The ICDS scheme is weighed down by several flaws, the worst of them being the attempt to target it for children of the poorest among the poor.

At an anganwadi centre at Samar Gopalpur Kalan village in Haryana

New Delhi: An ambitious scheme envisaged to improve the nutritional status of adolescent girls aged between 11-18 years is likely to come up in the Union Cabinet on Thursday. Budgeted at Rs 4,500 crore, the Rajiv Gandhi Scheme for Empowerment of Adolescent Girls will empower adolescent girls by improving their nutritional and health status and upgrading vocational skills.

Widespread use of child labour in India is likely to take centrestage when the Planning Commission discusses the mid-term appraisal of skill development for the 11th Plan period (2007-12).

Present in every village, anganwadi workers have a standing that is turning them into a reforming force

With the Budget 2010-11 preparations in full swing, there is a growing realisation within the Manmohan Singh government that its flagship programmes, including the much-touted Jawaharlal Nehru National Urban Renewal Mission (JNNURM) and Sarva Shiksha Abhiyan (SSA) are performing much below par with the ministries concerned in some cases not being able to spend half of their Plan allocation.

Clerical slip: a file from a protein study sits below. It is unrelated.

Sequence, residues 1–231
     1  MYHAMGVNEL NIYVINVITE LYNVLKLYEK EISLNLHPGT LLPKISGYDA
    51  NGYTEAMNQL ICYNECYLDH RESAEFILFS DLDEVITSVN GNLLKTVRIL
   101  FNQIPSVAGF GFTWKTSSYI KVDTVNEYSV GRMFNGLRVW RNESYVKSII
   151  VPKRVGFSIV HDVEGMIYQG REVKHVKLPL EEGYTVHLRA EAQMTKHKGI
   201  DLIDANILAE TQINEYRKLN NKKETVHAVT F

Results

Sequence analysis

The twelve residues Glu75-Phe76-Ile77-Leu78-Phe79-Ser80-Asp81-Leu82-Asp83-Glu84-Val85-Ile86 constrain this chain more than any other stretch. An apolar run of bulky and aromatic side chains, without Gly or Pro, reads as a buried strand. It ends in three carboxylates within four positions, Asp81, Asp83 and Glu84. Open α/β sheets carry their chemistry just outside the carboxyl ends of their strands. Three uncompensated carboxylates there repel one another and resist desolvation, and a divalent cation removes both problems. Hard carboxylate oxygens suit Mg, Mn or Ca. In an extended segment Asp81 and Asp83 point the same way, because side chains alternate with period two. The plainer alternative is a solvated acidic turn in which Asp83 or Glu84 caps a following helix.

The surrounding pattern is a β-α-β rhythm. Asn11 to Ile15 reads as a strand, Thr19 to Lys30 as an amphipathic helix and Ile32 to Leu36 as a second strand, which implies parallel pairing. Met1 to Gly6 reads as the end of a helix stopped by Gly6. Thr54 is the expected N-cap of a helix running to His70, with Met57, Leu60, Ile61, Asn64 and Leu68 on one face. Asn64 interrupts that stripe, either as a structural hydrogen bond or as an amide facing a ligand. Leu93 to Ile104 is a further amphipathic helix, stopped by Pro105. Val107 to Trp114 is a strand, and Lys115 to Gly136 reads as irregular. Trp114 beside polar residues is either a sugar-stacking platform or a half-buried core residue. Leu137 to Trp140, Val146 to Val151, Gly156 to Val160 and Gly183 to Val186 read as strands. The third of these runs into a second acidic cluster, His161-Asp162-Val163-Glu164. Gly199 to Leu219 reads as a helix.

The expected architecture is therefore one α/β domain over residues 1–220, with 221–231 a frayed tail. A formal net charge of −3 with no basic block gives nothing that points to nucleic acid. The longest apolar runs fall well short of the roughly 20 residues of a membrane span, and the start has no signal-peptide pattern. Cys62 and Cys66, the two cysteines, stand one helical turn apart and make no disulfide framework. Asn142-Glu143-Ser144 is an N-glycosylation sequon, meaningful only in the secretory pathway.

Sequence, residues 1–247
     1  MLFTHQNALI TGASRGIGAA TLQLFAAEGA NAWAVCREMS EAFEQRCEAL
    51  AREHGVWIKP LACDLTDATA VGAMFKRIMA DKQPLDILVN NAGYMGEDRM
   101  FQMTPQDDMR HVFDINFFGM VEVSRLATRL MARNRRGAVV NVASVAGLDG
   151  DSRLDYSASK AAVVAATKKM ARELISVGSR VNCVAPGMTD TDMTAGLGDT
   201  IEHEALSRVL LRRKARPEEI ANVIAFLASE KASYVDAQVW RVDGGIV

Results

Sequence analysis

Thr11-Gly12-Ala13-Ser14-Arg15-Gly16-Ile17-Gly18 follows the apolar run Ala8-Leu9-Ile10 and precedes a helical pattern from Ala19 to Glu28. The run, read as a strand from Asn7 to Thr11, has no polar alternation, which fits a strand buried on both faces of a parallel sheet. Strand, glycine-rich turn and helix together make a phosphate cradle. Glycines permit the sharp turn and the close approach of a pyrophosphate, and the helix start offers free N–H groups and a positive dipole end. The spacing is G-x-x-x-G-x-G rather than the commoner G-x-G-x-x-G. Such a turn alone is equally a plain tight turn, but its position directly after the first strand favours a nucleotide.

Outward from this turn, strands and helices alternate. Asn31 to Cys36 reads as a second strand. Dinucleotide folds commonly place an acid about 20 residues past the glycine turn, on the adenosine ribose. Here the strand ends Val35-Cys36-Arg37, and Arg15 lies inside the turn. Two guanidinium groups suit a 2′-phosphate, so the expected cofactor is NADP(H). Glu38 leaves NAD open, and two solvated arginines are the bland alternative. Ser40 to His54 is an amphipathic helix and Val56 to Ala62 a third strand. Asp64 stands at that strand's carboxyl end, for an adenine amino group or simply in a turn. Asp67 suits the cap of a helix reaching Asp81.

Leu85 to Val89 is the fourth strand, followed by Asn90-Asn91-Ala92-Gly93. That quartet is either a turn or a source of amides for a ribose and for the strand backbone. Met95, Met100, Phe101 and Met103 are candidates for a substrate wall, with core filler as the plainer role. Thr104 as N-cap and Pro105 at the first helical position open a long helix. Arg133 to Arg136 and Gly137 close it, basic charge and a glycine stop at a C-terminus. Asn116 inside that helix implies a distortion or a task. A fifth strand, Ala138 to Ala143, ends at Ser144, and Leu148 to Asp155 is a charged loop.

In order to provide fresh cooked food under Midday Meal Scheme run by Rural Development Department the Women and Child Development Department will be launching Sanjha Chulha Yojana on November 1, said Minister of State for Women and Child Development Ranjana Baghel here today.


New Delhi: Overturning her predecessor

There has been an animated debate in the past three years over the supply of food in the ICDS (Integrated Child Development Services) programme. Supplementary nutrition has been provided to all children under the age of six since the inception of the programme more than three decades ago. This was done with the recognition that the nutrition gap (between what children should be

The ICDS programme launched in the 1970s was based on the results of extensive surveys which identified rampant child under-nutrition in India. Using the weight-for-age and height-for-age criteria, only 10 per cent children under five could be classified normal. And 15-20 per cent were underweight even when they were short. The situation has not improved in the past 35 years despite

THE government plans to centralise the purchase of medicines for its dispensaries and healthcare centres across the country, a health ministry official said. The step is being taken after social activists have alleged that a decentralise procurement system is breeding corruption, the official, who did not want to be named, said.